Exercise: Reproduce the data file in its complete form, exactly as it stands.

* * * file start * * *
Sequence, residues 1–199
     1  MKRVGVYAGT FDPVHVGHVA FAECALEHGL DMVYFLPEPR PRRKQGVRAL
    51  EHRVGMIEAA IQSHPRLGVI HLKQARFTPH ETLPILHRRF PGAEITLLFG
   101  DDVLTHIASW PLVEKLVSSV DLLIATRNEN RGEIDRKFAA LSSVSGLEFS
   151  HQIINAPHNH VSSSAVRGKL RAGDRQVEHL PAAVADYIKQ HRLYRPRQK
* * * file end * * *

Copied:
Sequence, residues 1–199
     1  MKRVGVYAGT FDPVHVGHVA FAECALEHGL DMVYFLPEPR PRRKQGVRAL
    51  EHRVGMIEAA IQSHPRLGVI HLKQARFTPH ETLPILHRRF PGAEITLLFG
   101  DDVLTHIASW PLVEKLVSSV DLLIATRNEN RGEIDRKFAA LSSVSGLEFS
   151  HQIINAPHNH VSSSAVRGKL RAGDRQVEHL PAAVADYIKQ HRLYRPRQK